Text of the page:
Curator Ikechúkwú Onyewuenyi hopes to rouse a new generation of writers with “Chez Baldwin,” a 32-hour-long Spotify playlist based on Baldwin’s vinyl record collection.
Jenkins brings a visual richness to the story, accentuating the emotional undertones of Baldwin’s words.
Avedon and Baldwin’s 1964 photobook, with a new introduction by Hilton Als, resonates profoundly today.
I Am Not Your Negro is a spectacularly and explicitly violent film, and yet it’s been described as having “implied” violence.
Raoul Peck’s I Am Not Your Negro delivers brutally honest polemics about white America from James Baldwin.
Directed by Raoul Peck, I Am Not Your Negro is montage and meditation, a dialogue between the archive and the present.
The acclaimed writer James Baldwin moved from New York to Paris in 1948 and then to Saint-Paul de Vence in the south of France, where he eventually died with his longtime lover, the obscure Swiss painter Lucien Happersberger, at his side.
Gentrification has been the subject of countless plays and performances in New York, but the number of productions taking it on seems to have increased dramatically in recent years.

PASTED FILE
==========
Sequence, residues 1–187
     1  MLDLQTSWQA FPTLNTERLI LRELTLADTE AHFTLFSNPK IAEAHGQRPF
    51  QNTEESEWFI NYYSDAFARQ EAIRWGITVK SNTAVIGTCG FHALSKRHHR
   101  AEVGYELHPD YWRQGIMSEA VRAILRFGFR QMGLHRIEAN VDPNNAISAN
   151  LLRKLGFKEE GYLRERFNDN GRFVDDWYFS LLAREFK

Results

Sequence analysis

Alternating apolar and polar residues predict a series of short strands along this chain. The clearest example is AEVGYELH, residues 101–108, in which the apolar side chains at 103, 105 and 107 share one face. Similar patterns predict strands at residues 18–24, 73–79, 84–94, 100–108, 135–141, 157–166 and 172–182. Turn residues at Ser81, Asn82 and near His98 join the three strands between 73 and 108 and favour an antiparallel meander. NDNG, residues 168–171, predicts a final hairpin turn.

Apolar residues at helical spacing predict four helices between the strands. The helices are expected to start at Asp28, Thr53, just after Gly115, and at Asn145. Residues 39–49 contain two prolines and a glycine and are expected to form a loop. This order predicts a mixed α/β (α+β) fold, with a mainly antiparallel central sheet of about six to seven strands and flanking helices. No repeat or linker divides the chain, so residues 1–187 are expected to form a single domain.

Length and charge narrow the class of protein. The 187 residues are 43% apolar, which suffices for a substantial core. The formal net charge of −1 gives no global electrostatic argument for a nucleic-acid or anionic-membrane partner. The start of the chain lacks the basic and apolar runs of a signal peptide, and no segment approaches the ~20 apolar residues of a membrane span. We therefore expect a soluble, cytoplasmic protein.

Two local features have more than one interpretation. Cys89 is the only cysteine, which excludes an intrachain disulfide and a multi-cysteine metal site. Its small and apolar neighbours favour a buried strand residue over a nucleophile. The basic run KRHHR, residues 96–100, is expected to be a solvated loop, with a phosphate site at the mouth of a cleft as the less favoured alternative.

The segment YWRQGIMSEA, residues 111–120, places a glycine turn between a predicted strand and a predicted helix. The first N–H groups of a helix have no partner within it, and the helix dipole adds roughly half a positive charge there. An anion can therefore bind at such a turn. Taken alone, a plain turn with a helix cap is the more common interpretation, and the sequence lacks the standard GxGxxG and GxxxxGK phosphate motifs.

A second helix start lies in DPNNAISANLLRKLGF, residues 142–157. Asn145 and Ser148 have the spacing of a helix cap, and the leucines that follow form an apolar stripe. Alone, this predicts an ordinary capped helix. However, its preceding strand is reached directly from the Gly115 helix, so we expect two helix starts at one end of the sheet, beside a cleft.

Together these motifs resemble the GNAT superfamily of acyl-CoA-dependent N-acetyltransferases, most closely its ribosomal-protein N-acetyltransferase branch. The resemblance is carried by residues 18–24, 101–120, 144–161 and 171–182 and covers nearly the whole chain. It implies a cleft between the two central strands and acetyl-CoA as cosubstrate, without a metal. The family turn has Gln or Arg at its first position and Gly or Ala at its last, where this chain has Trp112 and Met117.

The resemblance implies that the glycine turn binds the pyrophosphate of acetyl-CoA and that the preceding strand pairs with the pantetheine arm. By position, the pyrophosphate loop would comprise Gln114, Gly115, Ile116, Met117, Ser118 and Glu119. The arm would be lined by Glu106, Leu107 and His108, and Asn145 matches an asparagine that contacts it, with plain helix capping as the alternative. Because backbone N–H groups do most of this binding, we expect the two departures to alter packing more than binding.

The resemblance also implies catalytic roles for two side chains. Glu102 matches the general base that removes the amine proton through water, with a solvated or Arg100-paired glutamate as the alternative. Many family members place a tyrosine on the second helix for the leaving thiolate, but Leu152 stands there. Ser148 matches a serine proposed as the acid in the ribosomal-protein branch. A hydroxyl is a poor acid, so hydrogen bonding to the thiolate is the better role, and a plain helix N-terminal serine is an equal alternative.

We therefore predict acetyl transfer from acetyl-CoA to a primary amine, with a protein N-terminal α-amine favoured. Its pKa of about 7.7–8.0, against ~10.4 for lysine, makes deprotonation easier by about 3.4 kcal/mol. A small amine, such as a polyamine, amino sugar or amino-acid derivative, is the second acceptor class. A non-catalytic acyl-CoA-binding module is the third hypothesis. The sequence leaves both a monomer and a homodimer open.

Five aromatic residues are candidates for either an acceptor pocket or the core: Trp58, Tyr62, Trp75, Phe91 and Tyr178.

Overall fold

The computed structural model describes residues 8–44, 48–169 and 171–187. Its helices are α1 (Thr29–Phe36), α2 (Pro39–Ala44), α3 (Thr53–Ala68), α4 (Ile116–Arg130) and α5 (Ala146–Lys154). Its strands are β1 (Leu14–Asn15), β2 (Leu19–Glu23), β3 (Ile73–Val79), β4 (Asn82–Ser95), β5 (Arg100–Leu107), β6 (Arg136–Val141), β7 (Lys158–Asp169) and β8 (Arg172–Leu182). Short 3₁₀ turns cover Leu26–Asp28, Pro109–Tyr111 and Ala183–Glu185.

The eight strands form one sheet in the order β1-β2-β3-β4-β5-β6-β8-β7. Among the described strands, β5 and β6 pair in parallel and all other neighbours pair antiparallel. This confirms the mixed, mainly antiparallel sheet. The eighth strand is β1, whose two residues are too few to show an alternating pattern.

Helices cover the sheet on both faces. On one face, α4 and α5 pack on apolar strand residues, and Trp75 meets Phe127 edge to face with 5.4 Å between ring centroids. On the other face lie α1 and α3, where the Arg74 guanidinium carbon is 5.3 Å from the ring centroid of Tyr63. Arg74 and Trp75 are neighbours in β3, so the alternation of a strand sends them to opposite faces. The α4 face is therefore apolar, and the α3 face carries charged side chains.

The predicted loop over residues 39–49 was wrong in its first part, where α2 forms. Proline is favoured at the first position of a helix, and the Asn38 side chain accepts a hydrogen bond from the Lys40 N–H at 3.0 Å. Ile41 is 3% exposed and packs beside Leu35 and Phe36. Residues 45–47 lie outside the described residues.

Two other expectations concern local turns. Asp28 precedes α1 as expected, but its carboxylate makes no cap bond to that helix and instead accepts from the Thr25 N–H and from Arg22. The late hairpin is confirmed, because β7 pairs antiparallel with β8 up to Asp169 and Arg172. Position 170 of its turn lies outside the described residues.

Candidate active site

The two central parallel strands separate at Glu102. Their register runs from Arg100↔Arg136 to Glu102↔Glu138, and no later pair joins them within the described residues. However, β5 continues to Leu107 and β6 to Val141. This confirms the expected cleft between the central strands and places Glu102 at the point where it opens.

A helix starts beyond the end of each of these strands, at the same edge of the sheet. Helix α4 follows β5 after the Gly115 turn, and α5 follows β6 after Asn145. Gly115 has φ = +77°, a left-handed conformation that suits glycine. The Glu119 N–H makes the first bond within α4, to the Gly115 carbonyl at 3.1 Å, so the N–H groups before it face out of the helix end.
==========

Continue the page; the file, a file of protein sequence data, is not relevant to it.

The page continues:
PARIS — I recently met in my studio the writer Jake Lamar, a New York ex-pat living in Paris, and spoke to him about his new novel, Postérité (The original English title is “Posthumous”), that will be published today in French by Rivages.
LOS ANGELES — A central insight of James Baldwin’s writing had to do with the way racism diminished the racist as much or more than his victim.
2014 is the “Year of James Baldwin” for New York City. Several major cultural organizations, including New York Live Arts, Columbia University, the New School’s Vera List Center for Art and Politics, and Harlem Stage, are partnering to present a series of talks, events, performances and interventions inspired by, in response to, or continuing the writer’s legacy.
A little-known depiction of Harlem literary life and African-American literature by Faith Ringgold is currently on view at the New York Public Library in its exhibition The ABC of It: Why Children’s Books Matter.